Desensitization is another helpful training strategy for dogs with anxiety. You slowly introduce your dog to the source of stress and reward him for positive behavior. For example, if your dog is anxious about car rides, you can get him near the car on day one and reward him with a treat. Then, the next day you get him in the car and reward him for just sitting in the car. On day three, you take a short drive and reward him.
Keep in mind, each dog is different — some will move through the desensitization stages faster than others. Just be patient and progress at your dog’s pace. Gradual, careful, repeated exposure and rewarding good behavior can be a great way to manage your dog’s anxiety.
If your dog’s anxiety is moderate to severe, you might want to contact a professional dog trainer to help you find the best training approach for your dog. If your dog has milder symptoms, you might consider Brain Training For Dogs, an online course that teaches basic commands and mental games to help keep their mind active, reducing boredom.
For predictable anxiety-causing situations like fireworks, thunderstorms, or car rides, your veterinarian might prescribe an anti-anxiety medication, such as benzodiazepine, to help your dog cope. Some vets may also recommend gabapentin, tramadol, or trazodone to treat mild to moderate anxiety.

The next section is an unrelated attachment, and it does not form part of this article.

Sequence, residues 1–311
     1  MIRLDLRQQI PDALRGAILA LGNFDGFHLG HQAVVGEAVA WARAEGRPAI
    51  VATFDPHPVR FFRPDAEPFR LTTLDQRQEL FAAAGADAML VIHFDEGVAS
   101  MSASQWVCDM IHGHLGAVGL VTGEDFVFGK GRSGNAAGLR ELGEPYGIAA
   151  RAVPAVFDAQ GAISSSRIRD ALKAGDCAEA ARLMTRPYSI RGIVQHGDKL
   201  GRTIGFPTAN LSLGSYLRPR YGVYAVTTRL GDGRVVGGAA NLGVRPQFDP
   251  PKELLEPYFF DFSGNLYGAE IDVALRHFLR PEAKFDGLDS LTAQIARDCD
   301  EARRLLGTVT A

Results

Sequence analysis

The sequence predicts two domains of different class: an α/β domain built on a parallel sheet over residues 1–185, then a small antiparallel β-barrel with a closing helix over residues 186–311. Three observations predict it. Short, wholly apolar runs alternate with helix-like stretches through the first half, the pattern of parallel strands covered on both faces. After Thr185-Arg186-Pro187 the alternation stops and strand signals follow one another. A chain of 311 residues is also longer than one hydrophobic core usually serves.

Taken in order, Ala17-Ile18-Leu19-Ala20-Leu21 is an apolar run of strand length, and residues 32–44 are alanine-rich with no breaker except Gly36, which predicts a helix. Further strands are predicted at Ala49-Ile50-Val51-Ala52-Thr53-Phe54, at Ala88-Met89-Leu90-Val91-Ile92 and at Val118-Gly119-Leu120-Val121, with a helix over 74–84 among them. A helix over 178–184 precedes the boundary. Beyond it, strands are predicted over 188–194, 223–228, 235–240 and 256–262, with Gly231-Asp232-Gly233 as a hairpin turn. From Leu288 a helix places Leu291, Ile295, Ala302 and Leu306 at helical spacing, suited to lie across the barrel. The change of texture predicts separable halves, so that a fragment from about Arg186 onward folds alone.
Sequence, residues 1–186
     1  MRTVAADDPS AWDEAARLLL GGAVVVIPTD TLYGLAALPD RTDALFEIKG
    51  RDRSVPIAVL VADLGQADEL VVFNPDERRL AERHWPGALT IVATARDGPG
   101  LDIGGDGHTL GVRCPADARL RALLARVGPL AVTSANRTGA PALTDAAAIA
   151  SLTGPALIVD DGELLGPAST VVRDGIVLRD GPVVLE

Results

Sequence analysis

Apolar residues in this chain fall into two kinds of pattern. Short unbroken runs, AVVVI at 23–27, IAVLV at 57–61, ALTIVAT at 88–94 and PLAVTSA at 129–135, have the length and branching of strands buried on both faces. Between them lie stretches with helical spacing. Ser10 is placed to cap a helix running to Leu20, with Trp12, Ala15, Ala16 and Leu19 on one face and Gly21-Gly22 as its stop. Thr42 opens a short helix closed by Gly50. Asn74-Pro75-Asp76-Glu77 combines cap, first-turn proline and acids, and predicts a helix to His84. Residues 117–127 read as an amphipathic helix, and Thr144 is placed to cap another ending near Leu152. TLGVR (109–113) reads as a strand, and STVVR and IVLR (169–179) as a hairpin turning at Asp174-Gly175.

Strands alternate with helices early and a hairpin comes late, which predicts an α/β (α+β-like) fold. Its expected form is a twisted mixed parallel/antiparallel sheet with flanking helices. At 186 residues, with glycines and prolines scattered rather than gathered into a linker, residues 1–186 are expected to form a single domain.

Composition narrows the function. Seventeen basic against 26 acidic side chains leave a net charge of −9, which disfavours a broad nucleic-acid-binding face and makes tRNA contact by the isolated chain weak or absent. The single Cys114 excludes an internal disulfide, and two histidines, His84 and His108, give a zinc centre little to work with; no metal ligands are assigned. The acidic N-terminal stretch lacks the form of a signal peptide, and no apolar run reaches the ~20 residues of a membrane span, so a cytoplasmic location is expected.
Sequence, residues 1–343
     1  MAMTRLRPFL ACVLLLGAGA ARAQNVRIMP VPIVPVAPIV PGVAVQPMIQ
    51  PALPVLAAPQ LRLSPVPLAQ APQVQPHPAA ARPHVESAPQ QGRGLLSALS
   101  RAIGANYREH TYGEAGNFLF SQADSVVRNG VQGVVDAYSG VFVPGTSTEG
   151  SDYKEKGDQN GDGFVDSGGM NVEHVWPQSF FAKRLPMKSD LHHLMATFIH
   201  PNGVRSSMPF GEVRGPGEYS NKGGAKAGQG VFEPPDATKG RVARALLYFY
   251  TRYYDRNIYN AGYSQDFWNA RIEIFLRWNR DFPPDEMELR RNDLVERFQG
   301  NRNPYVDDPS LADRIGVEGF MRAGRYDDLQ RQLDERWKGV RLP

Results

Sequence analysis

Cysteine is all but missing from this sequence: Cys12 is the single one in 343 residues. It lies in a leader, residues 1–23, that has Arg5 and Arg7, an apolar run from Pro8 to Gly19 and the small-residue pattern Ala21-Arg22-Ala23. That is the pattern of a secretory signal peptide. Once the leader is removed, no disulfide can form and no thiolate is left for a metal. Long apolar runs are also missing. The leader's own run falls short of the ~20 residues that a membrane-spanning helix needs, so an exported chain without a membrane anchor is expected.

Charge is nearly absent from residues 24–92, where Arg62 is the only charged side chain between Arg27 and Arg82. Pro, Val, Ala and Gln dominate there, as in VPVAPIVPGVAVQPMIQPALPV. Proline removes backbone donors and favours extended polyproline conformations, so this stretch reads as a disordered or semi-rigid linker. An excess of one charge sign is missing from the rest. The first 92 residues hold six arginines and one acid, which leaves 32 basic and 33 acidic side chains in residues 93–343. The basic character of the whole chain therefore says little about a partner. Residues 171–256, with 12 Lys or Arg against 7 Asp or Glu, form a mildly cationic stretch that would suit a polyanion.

Some vets may recommend Benadryl (diphenhydramine) for mild to moderate situational and temporary anxiety in dogs. But check with your vet first. While it’s generally considered safe for dogs, Benadryl is a sedative. It causes drowsiness, but it can also cause hyperactivity in some dogs, so you’ll need to get your vet’s recommendation for its use and safe dosage.
If you’re wary of giving your dog pharmaceuticals, several all-natural supplements and remedies may help relieve his anxiety. But always consult your veterinarian before giving your dog any supplement.
CBD Oil And Treats
You may want to consider CBD oil or treats to help manage your dog’s anxiety. CBD is found in cannabis and hemp, and some dog owners find it effective in treating various health conditions, including anxiety. Learn more about the benefits of CBD for dogs.
There are many different all-natural dog chews and treats on the market. One that we like is the highly-rated PremiumCare Calming Treats for Dogs, which may help ease your dog’s anxiety. PremiumCare duck-flavored treats contain organic passionflower, chamomile, valerian root, l-tryptophan, and organic ginger root for a calming effect.
Melatonin is another over-the-counter option to consider for an anxious pup. This is another product to ask your vet about while you are discussing your dog’s stressors and possible treatments. We conducted a deep dive to find out whether melatonin is safe or not for dogs and you can read more of the details here.